1. Using colour Doppler in the modified apical 4-chamber view, narrow down the sector width and minimize the depth before zooming in on the location of the regurgitant jet through the tricuspid valve. Adjust the aliasing velocity by adjusting the zero point on the colour flow scale until you see a clear hemisphere of converging blood flow on the ventricular side of the valve, usually at a setting of 20-40 cm/s. There should be a clear interface between red- and blue-coloured flow, and the velocity of blood flow at this point equals the aliasing velocity (in cm/s).

Figure 21.5 Moderate tricuspid regurgitation (TR), showing measurement of peak velocity (TR Vmax) (PG = pressure gradient)

Figure 21.6 Hepatic veins (IVC = inferior vena cava; RA = right atrium)

2. Measure the radius (r) of this hemisphere by taking a measurement from the edge of the hemisphere (i.e. the red-blue interface) to the centre of the valve orifice. Use this to calculate PISA, the surface area of this hemisphere, in cm2:

PISA = 2πr2

3. The regurgitant flow rate, in mL/s, can be calculated from:

Regurgitant flow rate = PISA × Aliasing velocity

For the purposes of estimating severity, it is sufficient just to measure the PISA radius. A radius >0.9 cm indicates severe regurgitation. Do not use the PISA technique if a clear symmetrical hemisphere cannot be obtained or if the jet of tricuspid regurgitation is eccentric.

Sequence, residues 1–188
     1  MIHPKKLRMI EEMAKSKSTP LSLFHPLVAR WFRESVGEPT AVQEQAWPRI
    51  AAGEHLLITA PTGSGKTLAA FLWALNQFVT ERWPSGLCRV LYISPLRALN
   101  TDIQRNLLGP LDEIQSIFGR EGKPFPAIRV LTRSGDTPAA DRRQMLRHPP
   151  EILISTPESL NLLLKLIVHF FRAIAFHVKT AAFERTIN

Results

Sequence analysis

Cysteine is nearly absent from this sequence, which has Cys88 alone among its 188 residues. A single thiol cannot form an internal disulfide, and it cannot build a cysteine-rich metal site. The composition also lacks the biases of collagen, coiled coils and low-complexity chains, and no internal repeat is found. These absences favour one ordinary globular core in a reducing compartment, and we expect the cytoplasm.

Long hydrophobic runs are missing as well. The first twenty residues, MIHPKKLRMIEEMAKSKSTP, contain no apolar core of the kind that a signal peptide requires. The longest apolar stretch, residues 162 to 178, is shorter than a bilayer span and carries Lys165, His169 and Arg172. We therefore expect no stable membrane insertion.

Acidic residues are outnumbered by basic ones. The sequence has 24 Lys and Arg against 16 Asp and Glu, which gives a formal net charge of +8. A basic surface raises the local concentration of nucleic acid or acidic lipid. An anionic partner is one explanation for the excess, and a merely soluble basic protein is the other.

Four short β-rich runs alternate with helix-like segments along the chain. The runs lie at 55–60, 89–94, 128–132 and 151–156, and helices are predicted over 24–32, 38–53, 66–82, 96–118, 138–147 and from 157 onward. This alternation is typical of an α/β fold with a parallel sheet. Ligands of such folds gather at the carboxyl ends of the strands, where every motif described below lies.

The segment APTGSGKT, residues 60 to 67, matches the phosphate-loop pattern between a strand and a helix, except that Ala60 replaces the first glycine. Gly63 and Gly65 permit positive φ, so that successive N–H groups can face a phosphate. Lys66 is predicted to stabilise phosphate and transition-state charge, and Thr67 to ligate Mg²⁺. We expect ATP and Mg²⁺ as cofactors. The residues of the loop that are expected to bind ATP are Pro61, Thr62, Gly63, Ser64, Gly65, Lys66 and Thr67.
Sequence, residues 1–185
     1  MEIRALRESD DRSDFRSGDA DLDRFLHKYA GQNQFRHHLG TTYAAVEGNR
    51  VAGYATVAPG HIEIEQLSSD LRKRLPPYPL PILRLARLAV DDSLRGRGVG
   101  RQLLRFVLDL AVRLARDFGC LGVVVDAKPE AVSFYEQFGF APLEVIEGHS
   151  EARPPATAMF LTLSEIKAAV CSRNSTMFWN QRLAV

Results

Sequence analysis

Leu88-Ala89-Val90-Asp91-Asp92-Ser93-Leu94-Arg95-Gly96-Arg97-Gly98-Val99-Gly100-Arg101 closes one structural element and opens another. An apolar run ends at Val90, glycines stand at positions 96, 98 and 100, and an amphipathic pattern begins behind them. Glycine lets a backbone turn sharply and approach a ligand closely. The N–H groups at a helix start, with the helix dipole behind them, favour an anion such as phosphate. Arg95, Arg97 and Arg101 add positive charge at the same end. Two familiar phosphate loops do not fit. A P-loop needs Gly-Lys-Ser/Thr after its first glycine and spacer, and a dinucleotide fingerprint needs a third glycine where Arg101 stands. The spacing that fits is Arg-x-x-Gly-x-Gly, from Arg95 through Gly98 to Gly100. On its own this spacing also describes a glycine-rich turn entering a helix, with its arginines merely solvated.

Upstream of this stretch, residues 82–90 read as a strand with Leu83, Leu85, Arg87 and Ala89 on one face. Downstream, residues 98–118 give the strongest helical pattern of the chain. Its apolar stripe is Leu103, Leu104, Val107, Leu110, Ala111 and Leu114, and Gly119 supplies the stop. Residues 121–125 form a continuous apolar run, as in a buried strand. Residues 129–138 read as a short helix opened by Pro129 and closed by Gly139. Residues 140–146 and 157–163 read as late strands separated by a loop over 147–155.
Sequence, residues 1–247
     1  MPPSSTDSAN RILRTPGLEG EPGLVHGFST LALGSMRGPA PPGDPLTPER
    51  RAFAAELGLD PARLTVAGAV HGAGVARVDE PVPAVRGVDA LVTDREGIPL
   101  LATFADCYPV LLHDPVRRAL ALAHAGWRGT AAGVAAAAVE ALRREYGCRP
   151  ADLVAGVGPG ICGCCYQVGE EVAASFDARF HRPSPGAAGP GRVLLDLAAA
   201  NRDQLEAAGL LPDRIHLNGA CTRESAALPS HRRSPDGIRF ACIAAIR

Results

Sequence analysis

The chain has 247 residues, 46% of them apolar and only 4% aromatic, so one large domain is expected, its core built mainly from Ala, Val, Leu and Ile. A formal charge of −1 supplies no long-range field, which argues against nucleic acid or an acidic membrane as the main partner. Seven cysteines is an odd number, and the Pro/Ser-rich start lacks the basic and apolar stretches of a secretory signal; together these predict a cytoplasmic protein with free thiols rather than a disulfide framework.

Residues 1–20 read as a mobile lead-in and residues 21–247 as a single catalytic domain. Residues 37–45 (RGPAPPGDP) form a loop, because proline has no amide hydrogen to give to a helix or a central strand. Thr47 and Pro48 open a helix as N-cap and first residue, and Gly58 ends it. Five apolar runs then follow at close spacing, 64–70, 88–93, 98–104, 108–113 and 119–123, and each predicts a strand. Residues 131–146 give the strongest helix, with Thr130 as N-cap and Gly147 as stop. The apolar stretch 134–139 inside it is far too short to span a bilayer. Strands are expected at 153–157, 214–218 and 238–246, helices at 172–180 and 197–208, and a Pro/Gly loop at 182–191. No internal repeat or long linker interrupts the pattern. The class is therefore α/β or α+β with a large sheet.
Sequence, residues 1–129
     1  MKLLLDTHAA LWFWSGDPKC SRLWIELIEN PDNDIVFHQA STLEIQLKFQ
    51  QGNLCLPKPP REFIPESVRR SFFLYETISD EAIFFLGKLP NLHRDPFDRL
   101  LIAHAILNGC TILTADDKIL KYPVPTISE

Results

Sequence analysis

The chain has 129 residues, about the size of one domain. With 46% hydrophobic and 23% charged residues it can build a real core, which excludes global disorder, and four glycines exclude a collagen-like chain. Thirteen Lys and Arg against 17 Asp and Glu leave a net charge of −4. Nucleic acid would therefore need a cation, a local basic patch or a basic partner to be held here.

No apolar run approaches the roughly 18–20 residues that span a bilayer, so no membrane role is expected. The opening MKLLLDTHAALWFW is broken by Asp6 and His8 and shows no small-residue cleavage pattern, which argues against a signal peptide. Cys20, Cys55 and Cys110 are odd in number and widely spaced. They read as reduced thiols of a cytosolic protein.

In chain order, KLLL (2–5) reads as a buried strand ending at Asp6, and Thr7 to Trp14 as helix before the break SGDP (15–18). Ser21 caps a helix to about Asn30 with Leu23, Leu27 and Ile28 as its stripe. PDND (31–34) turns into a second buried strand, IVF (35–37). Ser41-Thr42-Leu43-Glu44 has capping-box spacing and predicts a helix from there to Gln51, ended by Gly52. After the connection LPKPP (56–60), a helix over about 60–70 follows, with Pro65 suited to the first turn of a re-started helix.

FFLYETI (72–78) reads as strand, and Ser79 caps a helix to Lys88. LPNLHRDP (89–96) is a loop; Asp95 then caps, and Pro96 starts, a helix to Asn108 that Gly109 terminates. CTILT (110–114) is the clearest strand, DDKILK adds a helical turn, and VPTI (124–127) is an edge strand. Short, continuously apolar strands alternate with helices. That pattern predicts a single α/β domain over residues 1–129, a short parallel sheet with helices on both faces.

Associated features

If tricuspid regurgitation is present:

  • assess any coexistent tricuspid stenosis

  • assess any coexistent disease affecting the other valves (as patients undergoing tricuspid valve surgery may also require any other valvular abnormalities to be corrected at the same time)

  • assess the size of the RA, RV and IVC – these chambers are usually dilated if tricuspid regurgitation is severe

  • assess RV dimensions and function

  • calculate pulmonary artery systolic pressure (see below) to assess if there is pulmonary hypertension.

Severity of tricuspid regurgitation

Severity of tricuspid regurgitation can be assessed by:

  • jet area

  • VC width